KFD: 34 overcome by Carbon Monoxide fumes at Knoxville business

Knoxville (WVLT) - Authorities say problems with a propane forklift caused 34 people to be overcome by Carbon Monoxide fumes.

Volunteer TV's Mike McCarthy has the newest updates on the story.

Semi trucks have started pulling back up to the loading dock that's well ventilated, but inside the Carbon Monoxide still lingers. A deadly gas that sent dozens to the hospital.

Flashing lights, nearly a dozen ambulances. Inside one of them, Nancy Llamas' father.

"I really got scared because it's my father, you know," Llamas said.

He was among at least 45 workers evacuated from Bonanza Produce just after 6:00 Tuesday, four employees suffering...

"Nausea, possibly vomiting, light headedness and weakness," Knoxville Fire Department spokesman Darrell Whitaker said.

All telltale signs of Carbon Monoxide poisoning.

"As a matter of fact, the highest reading was 464 parts per million. The dangers of that, we would evacuate a house if the parts per million were near 50," Whitaker said.

Readings that put more than 30 workers en route to a half dozen Knoxville hospitals. Problems prompted by a propane forklift.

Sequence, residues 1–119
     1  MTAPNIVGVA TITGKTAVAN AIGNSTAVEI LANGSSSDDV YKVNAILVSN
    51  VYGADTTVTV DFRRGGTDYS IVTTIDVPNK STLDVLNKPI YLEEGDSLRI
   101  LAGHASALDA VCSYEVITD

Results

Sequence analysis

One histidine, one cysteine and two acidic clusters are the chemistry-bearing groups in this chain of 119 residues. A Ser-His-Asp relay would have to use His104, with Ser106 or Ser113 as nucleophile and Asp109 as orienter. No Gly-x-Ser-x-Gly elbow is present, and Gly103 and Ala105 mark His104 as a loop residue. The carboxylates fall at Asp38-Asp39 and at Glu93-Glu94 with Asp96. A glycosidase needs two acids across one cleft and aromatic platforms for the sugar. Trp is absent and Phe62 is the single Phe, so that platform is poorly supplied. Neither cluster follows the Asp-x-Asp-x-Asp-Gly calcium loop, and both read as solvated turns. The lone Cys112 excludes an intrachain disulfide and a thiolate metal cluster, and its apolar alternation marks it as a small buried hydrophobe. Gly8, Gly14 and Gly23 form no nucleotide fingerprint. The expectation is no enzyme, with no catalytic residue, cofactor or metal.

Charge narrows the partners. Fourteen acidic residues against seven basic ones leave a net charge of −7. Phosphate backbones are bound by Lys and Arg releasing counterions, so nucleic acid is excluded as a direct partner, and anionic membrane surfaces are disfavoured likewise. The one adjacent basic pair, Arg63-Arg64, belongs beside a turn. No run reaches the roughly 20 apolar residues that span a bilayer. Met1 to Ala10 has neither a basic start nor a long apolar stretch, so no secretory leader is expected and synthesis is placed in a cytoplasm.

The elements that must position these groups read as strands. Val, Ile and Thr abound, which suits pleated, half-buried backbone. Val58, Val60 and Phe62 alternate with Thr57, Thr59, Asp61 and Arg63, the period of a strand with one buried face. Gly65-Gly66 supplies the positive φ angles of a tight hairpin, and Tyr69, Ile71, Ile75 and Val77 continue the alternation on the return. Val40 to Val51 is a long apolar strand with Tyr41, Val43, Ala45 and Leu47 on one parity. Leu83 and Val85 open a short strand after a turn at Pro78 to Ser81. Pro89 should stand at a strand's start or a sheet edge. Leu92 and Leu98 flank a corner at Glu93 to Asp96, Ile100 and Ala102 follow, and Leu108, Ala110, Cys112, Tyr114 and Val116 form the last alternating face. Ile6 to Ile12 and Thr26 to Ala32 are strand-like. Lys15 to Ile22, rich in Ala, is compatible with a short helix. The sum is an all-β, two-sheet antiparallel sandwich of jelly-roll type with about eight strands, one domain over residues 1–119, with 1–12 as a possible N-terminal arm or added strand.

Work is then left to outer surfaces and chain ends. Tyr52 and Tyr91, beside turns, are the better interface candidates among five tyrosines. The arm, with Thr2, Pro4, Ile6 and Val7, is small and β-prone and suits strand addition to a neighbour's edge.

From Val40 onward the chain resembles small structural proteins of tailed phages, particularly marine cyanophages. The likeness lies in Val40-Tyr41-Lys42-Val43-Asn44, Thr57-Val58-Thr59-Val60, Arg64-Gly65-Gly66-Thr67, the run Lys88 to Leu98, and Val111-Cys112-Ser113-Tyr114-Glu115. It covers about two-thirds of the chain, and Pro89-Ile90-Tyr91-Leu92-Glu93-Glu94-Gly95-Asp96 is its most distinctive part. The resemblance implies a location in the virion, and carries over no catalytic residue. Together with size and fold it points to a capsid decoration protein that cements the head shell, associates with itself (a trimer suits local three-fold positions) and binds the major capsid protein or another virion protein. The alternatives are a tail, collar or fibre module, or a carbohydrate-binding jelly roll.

"Most of the forklifts they have here are electric. This particular one was propane and had problems, but the gentleman driving it didn't know," Whitaker said.

The strong odor raised concerns of a chemical cocktail. Carbon Monoxide is odorless

"Certainly in the process of cleaning produce it had to use a chemical process that involved ethanol and chlorine and others that I'm not aware," Whitaker said.

Hazmat crews determined the odor posed no health risks Llamas just wants to get back by her fathers side.

"It's very scary. I'm on my way to Fort Sanders. He told me he was doing okay, but he had a headache," Llamas said.

Symptoms crews say should fade, but the memory of these lights.

Employees got the ok to go back to work on the loading dock Tuesday. Those are well ventilated, but inside, air curtains prevented Hazmat crews from clearing the air fast enough.

KUB will be there Wednesday morning to take Carbon Monoxide readings. If they're down to a safe level, crews will be allowed back in to work.

Stay connected to Volunteer TV News and volunteertv.com for continued coverage of this developing news story.

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